In last week's VistaNews editorial, I gave some of my thoughts on home networking, Ethernet vs. wireless, copper vs. fiber, etc. Several readers weighed in on the topic in our forum. One thing that I should have mentioned is that the cost for dropping cable can vary widely, depending on your geographic location, one does the work (i.e. a "freelancer" or a company devoted to that sort of work), whether your municipality or other governmental entity requires you to get a permit, and similar factors. Some reported a cost of as low as $45 per jack; in other circumstances, it can cost $100 or more per drop.

Although a few of the discussion participants are relying primarily on wi-fi, there seems to be little argument when it comes to the technology that's better (if "better" means faster and more secure): wired wins every time. Some of you brought up some interesting issues that I didn't touch on in the original article, though. For instance, there was some discussion of using conduit to run the wires. It's almost a necessity to run the cable through conduit when you're going outdoors, but there are also benefits to putting conduit in the walls. It can offer extra protection against electromagnetic interference (if you use the shielded type) and from little teeth (if you have rats, possums, squirrels, etc. in your attic or basement where the cables go). It's also a good idea to use conduit to protect against fire if you're using non-plenum grade cable. This article is several years old, but the art of pulling cable hasn't really changed much, and it has some good tips for installing cable both with and without conduit:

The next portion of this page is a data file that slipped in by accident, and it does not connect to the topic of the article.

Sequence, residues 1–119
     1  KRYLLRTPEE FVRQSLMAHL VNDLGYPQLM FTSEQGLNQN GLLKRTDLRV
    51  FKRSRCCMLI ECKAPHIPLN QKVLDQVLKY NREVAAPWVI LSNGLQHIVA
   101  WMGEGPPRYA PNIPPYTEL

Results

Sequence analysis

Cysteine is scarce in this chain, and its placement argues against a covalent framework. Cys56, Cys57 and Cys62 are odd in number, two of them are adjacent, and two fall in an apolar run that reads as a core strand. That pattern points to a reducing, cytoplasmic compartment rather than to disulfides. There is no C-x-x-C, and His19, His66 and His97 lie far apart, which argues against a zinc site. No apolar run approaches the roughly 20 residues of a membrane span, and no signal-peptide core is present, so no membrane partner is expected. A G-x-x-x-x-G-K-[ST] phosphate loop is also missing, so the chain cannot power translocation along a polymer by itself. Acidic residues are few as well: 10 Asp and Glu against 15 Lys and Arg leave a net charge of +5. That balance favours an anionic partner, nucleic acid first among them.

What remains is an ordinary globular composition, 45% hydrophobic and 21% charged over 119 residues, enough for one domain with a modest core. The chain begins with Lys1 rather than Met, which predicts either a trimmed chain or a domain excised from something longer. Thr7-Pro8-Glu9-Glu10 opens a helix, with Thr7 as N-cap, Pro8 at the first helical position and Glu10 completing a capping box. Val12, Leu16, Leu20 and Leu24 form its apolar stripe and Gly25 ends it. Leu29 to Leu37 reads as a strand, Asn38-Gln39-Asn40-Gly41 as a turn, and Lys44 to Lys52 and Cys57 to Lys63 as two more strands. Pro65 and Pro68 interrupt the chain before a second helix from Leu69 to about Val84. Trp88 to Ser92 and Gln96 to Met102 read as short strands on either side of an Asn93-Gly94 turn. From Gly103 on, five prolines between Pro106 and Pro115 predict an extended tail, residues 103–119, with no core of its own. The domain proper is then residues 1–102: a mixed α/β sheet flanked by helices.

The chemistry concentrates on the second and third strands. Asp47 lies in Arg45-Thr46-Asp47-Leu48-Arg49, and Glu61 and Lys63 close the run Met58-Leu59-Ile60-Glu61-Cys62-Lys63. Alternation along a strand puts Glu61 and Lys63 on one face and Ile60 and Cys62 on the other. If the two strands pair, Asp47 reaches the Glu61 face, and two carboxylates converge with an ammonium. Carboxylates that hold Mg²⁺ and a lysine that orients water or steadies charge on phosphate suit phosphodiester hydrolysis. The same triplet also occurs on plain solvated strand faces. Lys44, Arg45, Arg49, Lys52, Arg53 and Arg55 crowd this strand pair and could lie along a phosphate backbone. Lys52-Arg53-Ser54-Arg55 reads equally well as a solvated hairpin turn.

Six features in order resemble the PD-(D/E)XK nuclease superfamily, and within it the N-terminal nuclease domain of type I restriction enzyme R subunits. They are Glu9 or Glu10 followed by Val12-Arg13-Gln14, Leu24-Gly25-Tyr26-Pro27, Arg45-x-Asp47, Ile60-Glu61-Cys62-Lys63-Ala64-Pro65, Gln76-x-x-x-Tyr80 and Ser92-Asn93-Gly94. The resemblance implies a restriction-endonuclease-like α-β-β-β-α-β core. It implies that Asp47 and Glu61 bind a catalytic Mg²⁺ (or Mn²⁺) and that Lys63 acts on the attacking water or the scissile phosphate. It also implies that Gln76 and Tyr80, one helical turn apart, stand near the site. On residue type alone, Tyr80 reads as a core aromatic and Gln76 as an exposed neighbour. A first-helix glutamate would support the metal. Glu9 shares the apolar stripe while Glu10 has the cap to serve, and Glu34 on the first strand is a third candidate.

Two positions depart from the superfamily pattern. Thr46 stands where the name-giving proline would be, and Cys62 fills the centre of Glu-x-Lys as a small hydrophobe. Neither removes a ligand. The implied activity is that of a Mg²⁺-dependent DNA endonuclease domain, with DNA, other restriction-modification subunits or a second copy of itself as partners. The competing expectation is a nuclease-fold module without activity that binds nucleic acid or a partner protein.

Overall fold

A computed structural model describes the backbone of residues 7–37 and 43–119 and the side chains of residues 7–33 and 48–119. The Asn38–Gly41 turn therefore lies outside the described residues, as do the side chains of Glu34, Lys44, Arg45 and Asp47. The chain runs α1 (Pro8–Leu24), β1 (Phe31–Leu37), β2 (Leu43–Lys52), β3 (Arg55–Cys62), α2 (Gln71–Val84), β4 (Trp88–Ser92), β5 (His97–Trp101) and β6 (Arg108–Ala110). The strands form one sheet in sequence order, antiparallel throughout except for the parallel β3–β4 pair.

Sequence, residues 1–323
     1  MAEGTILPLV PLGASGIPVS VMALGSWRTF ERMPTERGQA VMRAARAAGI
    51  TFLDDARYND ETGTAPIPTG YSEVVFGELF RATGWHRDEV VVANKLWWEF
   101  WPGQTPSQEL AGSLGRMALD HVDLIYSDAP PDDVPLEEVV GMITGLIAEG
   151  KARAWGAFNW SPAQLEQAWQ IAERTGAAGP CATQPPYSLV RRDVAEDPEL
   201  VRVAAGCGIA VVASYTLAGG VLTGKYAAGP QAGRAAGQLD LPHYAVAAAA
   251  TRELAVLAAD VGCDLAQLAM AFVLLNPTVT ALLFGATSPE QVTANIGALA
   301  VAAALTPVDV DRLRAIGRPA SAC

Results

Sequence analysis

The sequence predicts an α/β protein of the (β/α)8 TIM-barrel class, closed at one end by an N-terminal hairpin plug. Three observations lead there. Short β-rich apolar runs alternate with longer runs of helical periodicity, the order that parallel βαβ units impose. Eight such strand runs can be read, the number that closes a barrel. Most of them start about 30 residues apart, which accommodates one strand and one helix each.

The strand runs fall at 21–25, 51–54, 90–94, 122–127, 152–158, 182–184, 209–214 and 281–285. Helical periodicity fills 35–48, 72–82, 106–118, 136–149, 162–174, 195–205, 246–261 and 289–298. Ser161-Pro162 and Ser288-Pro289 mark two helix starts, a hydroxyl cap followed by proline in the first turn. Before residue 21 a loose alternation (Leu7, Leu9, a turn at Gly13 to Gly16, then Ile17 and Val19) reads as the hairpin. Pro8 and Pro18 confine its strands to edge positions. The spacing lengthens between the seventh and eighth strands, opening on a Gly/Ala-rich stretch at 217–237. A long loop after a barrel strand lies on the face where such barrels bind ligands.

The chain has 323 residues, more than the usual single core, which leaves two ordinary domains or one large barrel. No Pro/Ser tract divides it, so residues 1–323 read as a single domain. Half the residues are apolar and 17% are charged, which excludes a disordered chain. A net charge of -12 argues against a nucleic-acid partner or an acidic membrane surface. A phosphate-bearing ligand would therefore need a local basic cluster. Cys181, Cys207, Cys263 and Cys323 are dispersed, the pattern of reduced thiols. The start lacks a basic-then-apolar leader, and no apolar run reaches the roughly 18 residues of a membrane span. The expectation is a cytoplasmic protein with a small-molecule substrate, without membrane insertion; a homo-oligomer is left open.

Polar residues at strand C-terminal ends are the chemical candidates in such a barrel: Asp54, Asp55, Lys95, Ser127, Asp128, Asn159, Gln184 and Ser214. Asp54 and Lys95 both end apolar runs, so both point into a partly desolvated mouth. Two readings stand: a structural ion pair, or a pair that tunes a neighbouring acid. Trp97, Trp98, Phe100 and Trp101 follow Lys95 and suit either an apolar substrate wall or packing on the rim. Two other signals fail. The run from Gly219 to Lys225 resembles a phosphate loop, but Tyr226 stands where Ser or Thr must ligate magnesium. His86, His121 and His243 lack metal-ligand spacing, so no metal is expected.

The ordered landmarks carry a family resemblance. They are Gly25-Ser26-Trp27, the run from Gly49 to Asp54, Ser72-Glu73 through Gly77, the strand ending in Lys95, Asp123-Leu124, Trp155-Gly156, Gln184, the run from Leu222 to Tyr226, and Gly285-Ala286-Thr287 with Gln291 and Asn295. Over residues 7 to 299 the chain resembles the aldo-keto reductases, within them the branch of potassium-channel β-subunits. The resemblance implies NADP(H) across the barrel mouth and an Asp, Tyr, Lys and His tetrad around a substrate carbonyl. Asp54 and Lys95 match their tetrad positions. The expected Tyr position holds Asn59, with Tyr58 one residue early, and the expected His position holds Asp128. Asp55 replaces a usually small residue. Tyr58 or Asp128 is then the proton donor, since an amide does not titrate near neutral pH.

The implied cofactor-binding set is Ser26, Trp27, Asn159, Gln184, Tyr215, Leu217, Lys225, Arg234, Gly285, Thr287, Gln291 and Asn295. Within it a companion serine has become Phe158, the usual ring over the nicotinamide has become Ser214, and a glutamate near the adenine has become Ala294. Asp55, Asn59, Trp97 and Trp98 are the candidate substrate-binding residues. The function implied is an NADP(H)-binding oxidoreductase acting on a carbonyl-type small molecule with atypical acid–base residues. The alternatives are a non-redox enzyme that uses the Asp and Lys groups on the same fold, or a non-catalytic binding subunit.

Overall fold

Others brought up HPNA (Home Phoneline Networking Alliance) technology, which uses Ethernet standards to transmit data over phone lines. This can be handy since most homes already have copper phone wiring in place, and as one reader mentioned, it has a greater distance range so it can be run between buildings more easily and inexpensively than fiber. The drawback is lower speed, but at 10 Mbps it's still faster than most cable or DSL Internet connections. To find out more about it, see

Powerline networking is another option that at least one of our readers is using with success. Like HPNA, it uses wiring that already exists in your home or business - in this case, your electrical wiring. The cool thing about this technology is that devices such as television sets, DVD players, DVRs and so forth can be made that will automatically connect to your home network when you plug them into an electrical outlet. It's relatively inexpensive and super easy to install - but again, the connection is slow compared to typical Ethernet networking (around 14 Mbps), and performance can be degraded by other devices using electrical power in your home or building. To find out more about using your powerlines for networking, see